These days I see growing cultural divisions in the country. One is between the people themselves, when one tribe begins to look down on the other with suspicion and scorn. This is becoming more evident in statements by various Southern (mainly Mende), and Northern (mainly Temne and Limba) kindred tribal groups, as the one accuses the other in crude tribal terms, in a desperate search for scapegoats to blame for the current disaster. Some leading (presumably educated) luminaries on both sides are guilty of this rabble rousing and crowd-baiting tactic. It is grave enough already to warrant anxiety. 

But the biggest and most serious of these divisions is between the people and their government. This is because ordinary citizens are reduced to mere spectators since they are not considered by their rulers to be ‘educated’ enough to partake in the process of government. They put up reasons like “Oh, they do not speak English” (Whatever happened to Krio?); “they cannot’ understand the ‘budget speech’ in parliament, the ‘rules and procedures of parliament’, or the substance of ‘administrative law’, etc. By these means, the educated ruling class ensures that it does not face competition. Everything is tailored to suit its preferences. 

Thus the real competitions, hence the operative contradictions in our present Sierra Leonean society, are played at a much higher level - between the two faces of politics that the Sierra Leone public is exposed to almost everyday: 

(a) The one is open and full of impressive inspirational ideas about the intentions of government – this is where a lot of our ‘doctors’ excel, with their ‘expert’ writings of programmes, projects and analytical essays which attract World Bank, IMF and UNDP monies. Don’t ask me what happens to the money when it gets into their hands! The projects never see the light of day, or if at all they do they are usually abandoned in mid term.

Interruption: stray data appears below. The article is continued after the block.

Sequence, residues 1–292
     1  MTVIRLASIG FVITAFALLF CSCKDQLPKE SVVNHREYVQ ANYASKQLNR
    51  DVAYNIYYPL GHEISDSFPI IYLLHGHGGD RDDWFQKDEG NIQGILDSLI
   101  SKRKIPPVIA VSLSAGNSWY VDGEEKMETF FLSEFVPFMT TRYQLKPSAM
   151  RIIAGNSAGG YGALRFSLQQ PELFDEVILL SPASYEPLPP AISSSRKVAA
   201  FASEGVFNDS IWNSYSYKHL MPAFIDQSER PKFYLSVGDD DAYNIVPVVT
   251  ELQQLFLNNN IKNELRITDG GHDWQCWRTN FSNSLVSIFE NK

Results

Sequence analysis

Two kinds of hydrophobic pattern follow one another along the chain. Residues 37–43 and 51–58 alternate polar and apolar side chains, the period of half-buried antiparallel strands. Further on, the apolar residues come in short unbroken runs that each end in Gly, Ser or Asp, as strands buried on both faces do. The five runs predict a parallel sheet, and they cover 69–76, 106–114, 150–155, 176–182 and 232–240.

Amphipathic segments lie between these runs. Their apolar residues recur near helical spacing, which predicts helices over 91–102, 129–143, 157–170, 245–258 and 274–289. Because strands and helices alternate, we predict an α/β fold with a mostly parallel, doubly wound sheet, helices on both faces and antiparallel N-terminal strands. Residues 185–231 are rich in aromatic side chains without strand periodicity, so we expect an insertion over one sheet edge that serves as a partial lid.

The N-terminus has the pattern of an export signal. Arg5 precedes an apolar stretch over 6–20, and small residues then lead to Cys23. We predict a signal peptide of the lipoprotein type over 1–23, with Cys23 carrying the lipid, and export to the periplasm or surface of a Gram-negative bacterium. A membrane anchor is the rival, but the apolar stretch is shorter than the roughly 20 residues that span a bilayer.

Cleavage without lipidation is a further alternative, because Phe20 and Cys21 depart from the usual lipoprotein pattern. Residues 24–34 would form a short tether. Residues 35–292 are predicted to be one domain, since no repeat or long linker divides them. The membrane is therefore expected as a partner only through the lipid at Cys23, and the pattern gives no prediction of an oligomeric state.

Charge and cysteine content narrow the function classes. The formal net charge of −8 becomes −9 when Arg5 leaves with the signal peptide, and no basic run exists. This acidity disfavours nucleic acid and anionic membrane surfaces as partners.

(b) The other is to do with government and big business. It is secretive, elusive and exclusive. It is untrustworthy, and untrusting, to those outside government. It even discriminates against the educated who ‘do not belong’. For these the chicken has finally come home to roost. They have fled the country twice in one year because they have no affinity with the ordinary masses on the ground. Let’s hope that they, and we, are all gradually, but surely, learning our respective lessons for the future. It is a pity we are doing so in needless painful ways.

 As everyone should have known by now, it is pain that does not discriminate between the educated and the illiterate, or the privileged and the disadvantaged. Education, after all, is only a means to an end and should not be taken as an end in itself. More importantly, even that end must not be self-serving to the exclusion and detriment of all else around. But as the saying goes, out of evil some good is bound to emerge. 

I sincerely hope it does, even in - as my defiant late Auntie Frances Momoh used to call it – a “God-forsaken country” like Sierra Leone.